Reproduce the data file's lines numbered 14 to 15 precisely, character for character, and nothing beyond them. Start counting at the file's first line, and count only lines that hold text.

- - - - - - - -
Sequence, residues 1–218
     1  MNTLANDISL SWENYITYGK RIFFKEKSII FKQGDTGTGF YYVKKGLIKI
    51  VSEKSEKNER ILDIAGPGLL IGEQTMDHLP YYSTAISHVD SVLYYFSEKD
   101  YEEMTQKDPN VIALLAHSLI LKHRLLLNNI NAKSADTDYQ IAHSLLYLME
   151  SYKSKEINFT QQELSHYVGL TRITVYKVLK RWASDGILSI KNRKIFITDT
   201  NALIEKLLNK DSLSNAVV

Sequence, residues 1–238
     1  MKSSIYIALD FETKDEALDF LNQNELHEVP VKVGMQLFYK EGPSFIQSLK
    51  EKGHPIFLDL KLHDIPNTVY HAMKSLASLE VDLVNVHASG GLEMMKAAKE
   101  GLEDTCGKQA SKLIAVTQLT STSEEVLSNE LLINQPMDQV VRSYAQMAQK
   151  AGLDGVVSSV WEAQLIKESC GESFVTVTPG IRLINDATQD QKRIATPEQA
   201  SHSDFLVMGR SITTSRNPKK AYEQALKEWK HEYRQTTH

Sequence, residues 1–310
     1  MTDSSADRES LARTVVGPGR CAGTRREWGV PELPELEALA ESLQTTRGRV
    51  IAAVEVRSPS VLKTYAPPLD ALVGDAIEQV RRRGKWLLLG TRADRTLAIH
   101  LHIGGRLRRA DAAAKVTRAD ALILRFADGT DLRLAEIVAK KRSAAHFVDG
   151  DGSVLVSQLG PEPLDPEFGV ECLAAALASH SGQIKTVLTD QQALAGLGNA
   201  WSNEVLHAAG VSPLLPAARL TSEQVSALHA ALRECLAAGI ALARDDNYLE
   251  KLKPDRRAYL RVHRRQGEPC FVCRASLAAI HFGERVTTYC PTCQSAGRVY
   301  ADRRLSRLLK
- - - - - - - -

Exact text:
     1  MTDSSADRES LARTVVGPGR CAGTRREWGV PELPELEALA ESLQTTRGRV
    51  IAAVEVRSPS VLKTYAPPLD ALVGDAIEQV RRRGKWLLLG TRADRTLAIH